To elaborate, the main reason for the migration was economic based. In the south many black families suffered with sharecropping, where they never could get out of debt or own land. They were essentially still servants to the white race with little opportunity. However, northern companies were desperate to fill in the missing working class, and encouraged black males to migrate to work for them. Escaping extreme violent racism that was acceptable in the south, was also another primary reason for leaving. Appalling actions were frequently targeted at African American families where white mobs would violently attack them or kill the husband. Lynching was a popular "sport" in the south where a gruesome murder of a black individual would occur and be celebrated. These acts of terror created frighten black communities unable to live in peace, and work for their own families. The Second Great Migration wasn 't so much as an escape to paradise, but as a relocation to something a bit better.
The population in northern cities became heavily black, and white individuals who didn 't want to be associated with African Americans left to the suburbs; this is known as White Flight. This the root of the housing problem, as such, the white so...
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...obs. This type of job discrimination still carries on today where it 's extremely difficult to move up to higher job positions. Often, white trainees would get promoted over their black mentors, simply because they were white. Large northern cities hold the economic wealth of America, and it 's disheartening to see that the majority of management positions are held by white males and continue to be.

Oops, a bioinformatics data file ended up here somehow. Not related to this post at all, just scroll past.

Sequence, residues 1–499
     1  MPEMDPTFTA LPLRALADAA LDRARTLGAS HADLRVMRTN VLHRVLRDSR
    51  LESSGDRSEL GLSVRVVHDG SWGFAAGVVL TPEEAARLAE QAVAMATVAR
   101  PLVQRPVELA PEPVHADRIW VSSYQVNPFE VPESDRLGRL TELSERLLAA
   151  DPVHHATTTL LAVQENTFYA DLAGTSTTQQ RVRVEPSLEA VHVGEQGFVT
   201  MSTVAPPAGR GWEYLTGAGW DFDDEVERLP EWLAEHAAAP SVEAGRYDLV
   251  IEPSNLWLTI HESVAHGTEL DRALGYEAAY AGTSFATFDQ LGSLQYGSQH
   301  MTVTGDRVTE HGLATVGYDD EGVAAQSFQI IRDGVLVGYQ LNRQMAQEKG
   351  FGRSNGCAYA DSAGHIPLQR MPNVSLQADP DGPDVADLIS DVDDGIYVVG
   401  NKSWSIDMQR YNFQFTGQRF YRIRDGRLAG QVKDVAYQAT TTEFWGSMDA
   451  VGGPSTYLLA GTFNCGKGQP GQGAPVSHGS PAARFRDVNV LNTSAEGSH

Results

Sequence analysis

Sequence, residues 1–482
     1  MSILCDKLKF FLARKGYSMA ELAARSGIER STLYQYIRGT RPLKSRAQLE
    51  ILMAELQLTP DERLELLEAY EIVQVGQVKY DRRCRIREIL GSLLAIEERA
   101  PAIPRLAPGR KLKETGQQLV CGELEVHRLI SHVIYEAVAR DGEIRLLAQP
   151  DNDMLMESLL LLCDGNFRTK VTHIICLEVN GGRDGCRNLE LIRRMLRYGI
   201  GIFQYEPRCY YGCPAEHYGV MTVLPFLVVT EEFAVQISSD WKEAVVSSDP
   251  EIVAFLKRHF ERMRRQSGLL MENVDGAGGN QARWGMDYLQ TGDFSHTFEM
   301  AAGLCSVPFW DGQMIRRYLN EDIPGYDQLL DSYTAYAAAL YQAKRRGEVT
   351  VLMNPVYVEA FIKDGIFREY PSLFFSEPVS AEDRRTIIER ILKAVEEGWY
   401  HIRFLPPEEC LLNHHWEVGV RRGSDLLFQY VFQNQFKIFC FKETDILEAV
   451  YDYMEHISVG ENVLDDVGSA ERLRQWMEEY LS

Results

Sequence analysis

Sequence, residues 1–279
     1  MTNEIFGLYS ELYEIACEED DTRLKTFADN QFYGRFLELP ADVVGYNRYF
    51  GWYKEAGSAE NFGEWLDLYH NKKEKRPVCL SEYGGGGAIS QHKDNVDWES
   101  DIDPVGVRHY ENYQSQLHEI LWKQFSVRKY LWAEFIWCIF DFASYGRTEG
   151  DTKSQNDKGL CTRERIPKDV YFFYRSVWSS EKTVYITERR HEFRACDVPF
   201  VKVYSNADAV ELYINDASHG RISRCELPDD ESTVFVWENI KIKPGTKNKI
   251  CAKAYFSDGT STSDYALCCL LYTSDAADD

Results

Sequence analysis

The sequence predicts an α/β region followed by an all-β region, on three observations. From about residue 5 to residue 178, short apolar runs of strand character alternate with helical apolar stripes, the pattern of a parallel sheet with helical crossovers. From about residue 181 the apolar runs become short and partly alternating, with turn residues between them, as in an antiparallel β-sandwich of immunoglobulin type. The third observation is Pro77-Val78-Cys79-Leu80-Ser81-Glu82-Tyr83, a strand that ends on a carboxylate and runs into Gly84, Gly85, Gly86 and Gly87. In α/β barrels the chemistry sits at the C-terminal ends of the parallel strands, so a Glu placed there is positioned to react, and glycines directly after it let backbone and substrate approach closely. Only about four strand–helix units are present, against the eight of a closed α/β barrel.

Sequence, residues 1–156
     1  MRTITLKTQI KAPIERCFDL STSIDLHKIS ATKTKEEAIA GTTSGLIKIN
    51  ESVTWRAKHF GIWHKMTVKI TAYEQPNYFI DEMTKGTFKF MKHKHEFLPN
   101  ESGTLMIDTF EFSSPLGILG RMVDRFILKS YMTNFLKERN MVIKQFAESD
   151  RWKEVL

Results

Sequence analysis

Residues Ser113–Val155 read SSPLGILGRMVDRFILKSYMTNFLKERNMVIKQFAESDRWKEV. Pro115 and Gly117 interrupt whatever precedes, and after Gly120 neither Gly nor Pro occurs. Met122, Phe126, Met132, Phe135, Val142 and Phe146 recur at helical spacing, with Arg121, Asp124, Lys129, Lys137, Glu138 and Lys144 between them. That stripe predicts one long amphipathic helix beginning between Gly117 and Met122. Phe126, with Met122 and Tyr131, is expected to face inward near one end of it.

Generally, the Second Great Migration proved to be an impactful event in American history that shifted the balanced of race in northern cities. There are both positive and negative outcomes from this transition that are directly related to the discrimination faced by minorities in American society. As more awareness reaches the public, hopefully these outdated perceptions can be altered to benefit those who have been restricted from obtaining greater accomplishments.
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